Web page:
À l’occasion de sa nouvelle exposition personnelle (We Are One – voir ici) à la galerie madrilène Javier Lopez & Fer Frances, Guillotine s’est entretenu avec Todd James (REAS). L’artiste new-yorkais qui présente (jusqu’au 2 novembre) ses nouvelles œuvres, dévoile une fois de plus sa vision où la guerre, la mort et le chaos contrastent avec les femmes nues se relaxant au soleil. Il nous parle de ses influences, son processus créatif et l’évolution permanente de son œuvre, ainsi que ses futurs projets.


GUILLOTINE: Can you tell us a little about the new body of work? What were your inspirations, what themes are you exploring and what were the reasons behind choosing We Are One as the title of the show?

Todd James: I came up with the title when there was a lot of crazy things going on. I thought that was a good way to mellow things out, to remember that everybody is connected. It’s something you got to remember when everything is getting out of control. There are paintings here with ladies relaxing but then there’s conflict. It’s both conflict and relaxation. I did a video for U2 and in it I used images that were from paintings and then I came up with new images that I liked and hadn’t been made into paintings. That was all about the same theme, about conflict and trying to cool things out.


«It’s both conflict and relaxation.»


What effect do you personally wish and think this show had on the spectator?

I don’t really think of it that way. This is the first time I’m looking at it all in one room! When I work in my studio, when I finish a painting they get staked so it’s hard to look at them all. So as I’m going, each thing feels different, but in the back of my head I kind of know what the feeling is going to be. I guess I’ll just see what everybody feels.



«In my paintings I’m not condemning or celebrating too much, I’m just looking at it.»


Your work frequently touches on the subject of war and refugees. Do you consider your art political and yourself to be an activist in some way?

Not really an activist. I don’t know if there’s an exact point of view because things aren’t just one way. In my paintings I’m not condemning or celebrating too much, I’m just looking at it. It’s not really activism, maybe a little bit sometimes…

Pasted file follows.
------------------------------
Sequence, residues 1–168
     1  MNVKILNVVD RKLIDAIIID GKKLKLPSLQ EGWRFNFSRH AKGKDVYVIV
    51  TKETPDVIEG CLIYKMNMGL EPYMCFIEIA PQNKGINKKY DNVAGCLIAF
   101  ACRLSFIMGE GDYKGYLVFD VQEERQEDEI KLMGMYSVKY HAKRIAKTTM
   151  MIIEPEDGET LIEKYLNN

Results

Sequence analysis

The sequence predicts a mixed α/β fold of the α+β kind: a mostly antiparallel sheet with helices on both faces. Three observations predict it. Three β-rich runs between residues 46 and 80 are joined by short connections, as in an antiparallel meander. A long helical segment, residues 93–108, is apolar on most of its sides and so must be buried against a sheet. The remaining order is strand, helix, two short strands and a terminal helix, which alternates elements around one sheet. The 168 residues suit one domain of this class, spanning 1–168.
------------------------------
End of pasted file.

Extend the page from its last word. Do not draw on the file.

Phil Frost had a show here two years ago and when we published the pictures of the exhibition on Guillotine, he asked us if we could delete the mention Beautiful Loser as he hated now the whole idea. How do you feel about the Beautiful Losers and do you still feel part of the artistic group?

It’s a loosely tied together situation. I don’t have super strong feelings one way or the other. Out of those people I did things with Barry McGee and Steve Powers, and I’m friend with a couple of the other guys. At that time it made some kind of sense. I don’t hate it and I don’t feel strongly one way or the other.



How does your work process look like? I know you do a lot of sketching.

I draw a lot and then I make paintings out of the drawings. Sometimes I draw on paper, sometimes I draw on the computer, mostly on paper and then I turn them into paintings.


You started painting the New York Subway system at a very young age. Is it something that somehow still attracts you and do you sometimes paint illegally?

I don’t really paint graffiti at all anymore. I still like some of the things, I like some of it. I’ll do a piece here and there but not like illegally. I still draw stuff but I’m not super aware of what is going on anymore. I see stuff every once in a while and think “Wow that’s cool”, but I don’t go out painting.



«(Street Market) was big, it was huge for me!»